Montreal Book-blog: from John Ralston Saul to Net Neutrality

I’m holed up in icy Montreal waiting for a visa from the UK home office.  To keep myself occupied, I thought of blogging every day about what (and why) I’m reading.  So here’s the first installment.  If the weather keeps up like this, there could be many more – at least until I get to go home!


I devoured two John Ralston Saul books this week:  The Collapse of Globalism, and A Fair Country:  Telling truths about Canada.  These could be read sequentially:  after outlining how globalism fails, Ralston Saul presents a solution in his address to Canada’s elites.  Basically, the premise (oh so prescient) is this:  the system of globalism attempted to reduce society to economic terms, and in doing so, applied market logics so broadly that they ceased to be useful.  The principle of governance, so essential to democracy, was replaced with the principle of management.  Ralston Saul traces these principles, and the broader ideology of globalism,  through phenomena such as trade agreements, changes in intellectual property laws, and the privatizing of the public sector. He concludes by describing a potential of a return to nation-states, but notes that we should still be wary of “negative nationalism.”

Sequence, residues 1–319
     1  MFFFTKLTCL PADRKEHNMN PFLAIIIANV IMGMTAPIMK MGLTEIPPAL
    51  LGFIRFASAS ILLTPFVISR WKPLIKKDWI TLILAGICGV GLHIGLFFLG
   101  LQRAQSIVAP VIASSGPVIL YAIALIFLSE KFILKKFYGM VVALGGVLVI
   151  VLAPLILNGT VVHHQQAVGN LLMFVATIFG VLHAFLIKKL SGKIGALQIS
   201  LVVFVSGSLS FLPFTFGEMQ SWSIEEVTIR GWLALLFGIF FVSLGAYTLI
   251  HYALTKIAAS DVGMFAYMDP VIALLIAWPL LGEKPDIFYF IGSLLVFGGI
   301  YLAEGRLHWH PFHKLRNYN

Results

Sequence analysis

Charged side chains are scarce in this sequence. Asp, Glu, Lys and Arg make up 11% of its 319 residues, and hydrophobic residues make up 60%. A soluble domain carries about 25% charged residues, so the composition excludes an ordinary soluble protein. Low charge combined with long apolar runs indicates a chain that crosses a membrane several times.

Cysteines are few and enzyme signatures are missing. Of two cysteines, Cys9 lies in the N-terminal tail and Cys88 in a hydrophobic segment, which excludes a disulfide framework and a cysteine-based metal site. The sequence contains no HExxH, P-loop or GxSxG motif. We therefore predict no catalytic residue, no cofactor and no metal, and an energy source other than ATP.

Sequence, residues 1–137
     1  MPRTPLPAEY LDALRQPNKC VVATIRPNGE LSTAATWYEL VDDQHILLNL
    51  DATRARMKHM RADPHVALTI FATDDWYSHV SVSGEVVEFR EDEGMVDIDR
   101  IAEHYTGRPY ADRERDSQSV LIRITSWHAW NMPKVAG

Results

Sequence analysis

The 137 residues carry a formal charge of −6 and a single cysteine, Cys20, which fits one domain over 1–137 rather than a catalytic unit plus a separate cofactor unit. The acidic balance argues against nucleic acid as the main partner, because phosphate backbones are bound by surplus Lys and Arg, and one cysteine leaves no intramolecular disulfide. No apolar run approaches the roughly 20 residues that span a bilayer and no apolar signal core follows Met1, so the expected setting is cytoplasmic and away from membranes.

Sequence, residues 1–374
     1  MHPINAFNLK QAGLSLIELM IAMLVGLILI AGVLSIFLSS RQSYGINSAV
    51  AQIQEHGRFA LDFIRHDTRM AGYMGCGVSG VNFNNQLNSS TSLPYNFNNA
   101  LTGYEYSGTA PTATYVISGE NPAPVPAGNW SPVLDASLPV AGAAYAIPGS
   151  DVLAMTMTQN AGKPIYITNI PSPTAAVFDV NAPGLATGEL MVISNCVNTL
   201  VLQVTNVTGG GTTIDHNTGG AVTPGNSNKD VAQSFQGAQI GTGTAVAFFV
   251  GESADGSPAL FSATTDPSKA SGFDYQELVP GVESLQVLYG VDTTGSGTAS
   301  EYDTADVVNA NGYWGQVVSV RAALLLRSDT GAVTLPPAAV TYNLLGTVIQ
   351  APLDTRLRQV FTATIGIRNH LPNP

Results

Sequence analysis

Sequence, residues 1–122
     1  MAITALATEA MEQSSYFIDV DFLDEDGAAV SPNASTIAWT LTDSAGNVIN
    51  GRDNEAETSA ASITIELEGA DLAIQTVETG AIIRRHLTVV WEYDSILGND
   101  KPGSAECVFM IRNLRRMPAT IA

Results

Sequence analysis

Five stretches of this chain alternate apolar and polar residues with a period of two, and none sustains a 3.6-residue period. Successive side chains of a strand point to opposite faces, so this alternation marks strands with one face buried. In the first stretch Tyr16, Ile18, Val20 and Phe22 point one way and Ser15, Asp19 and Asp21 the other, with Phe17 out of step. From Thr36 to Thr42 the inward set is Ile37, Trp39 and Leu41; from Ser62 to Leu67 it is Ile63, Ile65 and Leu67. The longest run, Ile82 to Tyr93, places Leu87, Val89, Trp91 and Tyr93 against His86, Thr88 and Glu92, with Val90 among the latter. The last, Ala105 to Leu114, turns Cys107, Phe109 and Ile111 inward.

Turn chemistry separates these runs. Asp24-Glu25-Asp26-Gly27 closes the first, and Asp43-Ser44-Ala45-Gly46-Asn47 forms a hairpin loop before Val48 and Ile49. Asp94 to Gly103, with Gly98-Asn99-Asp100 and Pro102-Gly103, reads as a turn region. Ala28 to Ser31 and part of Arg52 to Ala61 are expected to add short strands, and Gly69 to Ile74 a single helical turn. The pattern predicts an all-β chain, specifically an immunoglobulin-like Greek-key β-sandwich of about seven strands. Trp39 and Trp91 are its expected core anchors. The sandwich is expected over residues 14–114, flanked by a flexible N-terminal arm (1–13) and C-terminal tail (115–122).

The Collapse of Globalism brings together so many of the observable consequences of globalism that it would be tempting to say that it anticipates the current correction financial systems (which is also a crisis in governance and regulation) and the ensuing failure of trust in these systems and regulations.  But it doesn’t, really.  Instead it outlines in broad terms some of the things that I’ve observed in more focused situations:  frustration with the “it’s out of our hands” market ideology of globalism can provoke an identification with a more contained identity.  This could be national, local, or cultural.  In its negative form, such small-scale identifications confound our relationships with the other (Ralston Saul talks a lot about the other) and intensify conflict.  Positive nationalism, on the other hand, reflects “a renewed and growing desire to build our societies at all levels with our own hands – that is, to find ways to be involved”.